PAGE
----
Ohio does a pretty good job of offering K–12 students a head start on post-secondary degrees and credentials. Advanced Placement (AP) has been present for decades, and the number of students participating has steadily increased each year; over 73,000 students participated in AP in 2018. State law guarantees that these students can receive college credit from state institutions as long as they earn a score of three or higher on an AP exam. Articulated credit options like Career-Technical Credit Transfer allow career and technical education (CTE) students to transfer credit from a variety of technical courses to state institutions. And College Credit Plus, the state’s dual-enrollment program, allows students to earn high school and college credit simultaneously. Now in its fourth year, the program has rapidly grown in size; over 71,000 students enrolled during 2017–18 compared to 54,000 in 2015–16. Maintaining both the volume and the quality of these and other programs will be vitally important for the administration going forward. 

Expanding and improving CTE

CTE is another area where DeWine’s team should focus on expanding what already exists. Initiatives like New Skills for Youth, which aims to expand and improve career pathways for high school students, show a lot of promise. So do recent efforts around work-based learning. But there’s more than enough room to grow, and the new federal CTE law, often referred to as Perkins V, is a great opportunity for the state to expand its offerings and invest in new and innovative approaches. DeWine’s administration should also make sure to keep the CTE promises it made during the campaign, including creating a Student Work Experience Tax Incentive for businesses and cutting the red tape that limits the use of Ohio Facilities Construction Commission funding for CTE schools.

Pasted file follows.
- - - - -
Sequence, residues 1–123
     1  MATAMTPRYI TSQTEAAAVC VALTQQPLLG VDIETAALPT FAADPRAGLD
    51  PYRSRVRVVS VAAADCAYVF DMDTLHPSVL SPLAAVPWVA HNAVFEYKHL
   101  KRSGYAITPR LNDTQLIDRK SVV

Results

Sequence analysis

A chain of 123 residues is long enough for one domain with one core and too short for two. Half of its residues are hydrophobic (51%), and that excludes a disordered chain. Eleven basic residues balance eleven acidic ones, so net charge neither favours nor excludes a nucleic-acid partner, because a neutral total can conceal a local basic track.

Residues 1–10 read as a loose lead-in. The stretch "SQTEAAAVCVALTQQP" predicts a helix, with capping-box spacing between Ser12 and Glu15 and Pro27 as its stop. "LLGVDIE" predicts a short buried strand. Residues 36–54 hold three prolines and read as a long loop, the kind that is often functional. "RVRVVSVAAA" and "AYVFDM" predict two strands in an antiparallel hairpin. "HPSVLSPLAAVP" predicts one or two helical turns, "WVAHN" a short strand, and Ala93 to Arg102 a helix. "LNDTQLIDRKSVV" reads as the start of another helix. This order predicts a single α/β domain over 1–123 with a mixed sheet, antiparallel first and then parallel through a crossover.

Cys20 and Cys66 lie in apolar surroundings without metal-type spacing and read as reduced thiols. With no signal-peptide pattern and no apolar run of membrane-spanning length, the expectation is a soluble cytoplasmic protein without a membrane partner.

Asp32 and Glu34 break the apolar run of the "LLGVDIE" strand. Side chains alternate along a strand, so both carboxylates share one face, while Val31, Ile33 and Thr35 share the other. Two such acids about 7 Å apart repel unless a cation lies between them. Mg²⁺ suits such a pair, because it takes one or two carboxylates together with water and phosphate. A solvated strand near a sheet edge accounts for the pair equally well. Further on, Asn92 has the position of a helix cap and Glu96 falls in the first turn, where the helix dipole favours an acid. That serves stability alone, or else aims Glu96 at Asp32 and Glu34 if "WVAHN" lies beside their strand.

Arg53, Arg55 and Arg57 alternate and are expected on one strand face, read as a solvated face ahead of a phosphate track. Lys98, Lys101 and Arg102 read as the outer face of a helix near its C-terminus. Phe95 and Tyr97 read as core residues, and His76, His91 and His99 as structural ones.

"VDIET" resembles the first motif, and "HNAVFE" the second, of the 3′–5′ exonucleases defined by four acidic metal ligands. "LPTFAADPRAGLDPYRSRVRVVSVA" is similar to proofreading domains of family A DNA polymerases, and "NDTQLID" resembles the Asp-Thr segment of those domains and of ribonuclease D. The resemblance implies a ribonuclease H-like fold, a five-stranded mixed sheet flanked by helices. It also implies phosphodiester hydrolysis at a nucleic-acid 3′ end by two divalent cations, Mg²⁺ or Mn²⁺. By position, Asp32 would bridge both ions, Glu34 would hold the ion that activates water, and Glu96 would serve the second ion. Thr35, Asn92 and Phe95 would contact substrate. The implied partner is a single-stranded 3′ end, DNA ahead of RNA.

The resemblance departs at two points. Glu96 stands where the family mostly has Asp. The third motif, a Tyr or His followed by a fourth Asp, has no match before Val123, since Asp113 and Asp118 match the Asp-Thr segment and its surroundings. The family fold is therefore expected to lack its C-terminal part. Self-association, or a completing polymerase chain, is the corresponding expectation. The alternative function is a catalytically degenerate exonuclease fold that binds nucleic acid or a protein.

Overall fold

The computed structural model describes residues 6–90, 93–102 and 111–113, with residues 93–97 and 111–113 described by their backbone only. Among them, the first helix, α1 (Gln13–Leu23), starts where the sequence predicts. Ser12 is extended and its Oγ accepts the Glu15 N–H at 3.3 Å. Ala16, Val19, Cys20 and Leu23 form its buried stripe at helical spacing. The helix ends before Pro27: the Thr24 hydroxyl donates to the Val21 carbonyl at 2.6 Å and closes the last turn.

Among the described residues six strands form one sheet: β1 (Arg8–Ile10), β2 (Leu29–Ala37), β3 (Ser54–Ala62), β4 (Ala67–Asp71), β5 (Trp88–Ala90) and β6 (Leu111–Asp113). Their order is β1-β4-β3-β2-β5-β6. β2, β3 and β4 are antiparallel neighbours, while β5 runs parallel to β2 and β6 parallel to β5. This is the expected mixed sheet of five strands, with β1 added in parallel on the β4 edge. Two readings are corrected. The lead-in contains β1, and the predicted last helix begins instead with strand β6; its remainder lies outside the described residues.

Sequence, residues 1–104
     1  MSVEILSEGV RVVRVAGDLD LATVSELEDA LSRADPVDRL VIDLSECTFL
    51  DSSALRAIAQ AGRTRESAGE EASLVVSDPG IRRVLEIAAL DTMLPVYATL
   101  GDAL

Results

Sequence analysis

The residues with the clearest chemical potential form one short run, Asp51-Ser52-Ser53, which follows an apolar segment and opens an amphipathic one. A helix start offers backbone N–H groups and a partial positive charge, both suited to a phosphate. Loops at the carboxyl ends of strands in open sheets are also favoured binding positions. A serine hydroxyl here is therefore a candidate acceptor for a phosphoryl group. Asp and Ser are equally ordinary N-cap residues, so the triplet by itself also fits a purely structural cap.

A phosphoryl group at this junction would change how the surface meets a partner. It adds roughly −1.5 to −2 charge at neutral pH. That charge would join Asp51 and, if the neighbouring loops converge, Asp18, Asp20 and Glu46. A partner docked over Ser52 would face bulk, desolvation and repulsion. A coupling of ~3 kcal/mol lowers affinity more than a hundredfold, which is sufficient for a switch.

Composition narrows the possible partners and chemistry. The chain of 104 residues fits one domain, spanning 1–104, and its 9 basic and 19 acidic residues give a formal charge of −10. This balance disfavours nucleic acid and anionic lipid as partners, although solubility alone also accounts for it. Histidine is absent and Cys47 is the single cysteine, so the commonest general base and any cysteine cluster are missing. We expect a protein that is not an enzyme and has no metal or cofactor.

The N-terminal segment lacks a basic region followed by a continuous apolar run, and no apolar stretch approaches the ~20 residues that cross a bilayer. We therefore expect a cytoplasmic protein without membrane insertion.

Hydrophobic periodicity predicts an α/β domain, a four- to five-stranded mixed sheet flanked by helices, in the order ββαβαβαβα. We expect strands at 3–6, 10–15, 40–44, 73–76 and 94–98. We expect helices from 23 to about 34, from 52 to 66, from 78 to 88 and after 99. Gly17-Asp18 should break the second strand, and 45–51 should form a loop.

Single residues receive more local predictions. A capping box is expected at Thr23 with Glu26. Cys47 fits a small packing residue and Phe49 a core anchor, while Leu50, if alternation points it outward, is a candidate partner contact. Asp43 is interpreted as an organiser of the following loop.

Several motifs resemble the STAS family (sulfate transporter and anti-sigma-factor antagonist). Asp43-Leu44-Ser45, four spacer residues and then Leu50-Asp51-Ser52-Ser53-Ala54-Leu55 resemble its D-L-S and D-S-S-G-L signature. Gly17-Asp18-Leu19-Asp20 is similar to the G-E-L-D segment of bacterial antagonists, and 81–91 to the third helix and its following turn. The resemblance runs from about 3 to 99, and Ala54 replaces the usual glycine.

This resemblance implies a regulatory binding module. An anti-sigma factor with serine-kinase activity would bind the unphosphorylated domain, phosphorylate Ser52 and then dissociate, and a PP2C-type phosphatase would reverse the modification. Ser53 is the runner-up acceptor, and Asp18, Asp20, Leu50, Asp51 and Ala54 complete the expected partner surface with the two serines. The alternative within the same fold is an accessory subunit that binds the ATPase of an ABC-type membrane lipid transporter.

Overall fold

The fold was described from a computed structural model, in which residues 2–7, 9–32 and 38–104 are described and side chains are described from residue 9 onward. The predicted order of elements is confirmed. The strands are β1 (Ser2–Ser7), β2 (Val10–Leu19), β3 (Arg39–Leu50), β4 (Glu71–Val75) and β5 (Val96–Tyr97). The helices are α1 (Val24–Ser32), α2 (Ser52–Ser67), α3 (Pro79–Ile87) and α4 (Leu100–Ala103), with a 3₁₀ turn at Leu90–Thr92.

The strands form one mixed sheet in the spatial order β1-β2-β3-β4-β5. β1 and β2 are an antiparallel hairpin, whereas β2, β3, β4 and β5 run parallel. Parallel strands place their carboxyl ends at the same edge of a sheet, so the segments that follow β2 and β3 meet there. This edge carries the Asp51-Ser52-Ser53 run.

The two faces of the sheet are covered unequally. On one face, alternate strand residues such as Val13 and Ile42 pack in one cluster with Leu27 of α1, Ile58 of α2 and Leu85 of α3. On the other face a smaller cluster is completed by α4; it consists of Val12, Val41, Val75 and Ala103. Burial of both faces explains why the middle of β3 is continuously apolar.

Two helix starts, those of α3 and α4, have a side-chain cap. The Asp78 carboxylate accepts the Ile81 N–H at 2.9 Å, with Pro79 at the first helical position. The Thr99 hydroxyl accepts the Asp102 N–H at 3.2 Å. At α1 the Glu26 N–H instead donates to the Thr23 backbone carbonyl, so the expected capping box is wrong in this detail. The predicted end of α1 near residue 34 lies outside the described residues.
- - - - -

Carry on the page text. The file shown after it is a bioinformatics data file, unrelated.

Focusing on adult learners

When it comes to older adults, offering programs that focus on competency rather than seat time is crucial. Ohio’s Adult Diploma Program allows adults over the age of twenty-two to earn a high school diploma and an industry credential that’s aligned to an in-demand job without requiring a certain number of credits or seat hours. And in 2018, the Ohio Department of Higher Education announced a partnership with Western Governors University, an online, competency-based university that allows adults to earn affordable degrees in business, health and nursing, education, and information technology. Despite these offerings, Ohio is still struggling to reach adult learners. During DeWine’s campaign, he proposed establishing regional job-training partnerships and funding the completion of at least ten thousand in-demand industry certificates. Both these proposals could impact attainment numbers. But it will be vital for the governor’s office and the Office of Workforce Transformation, which will be led in part by Lieutenant Governor Jon Husted, to continue focusing on how to reach and educate thousands more adults.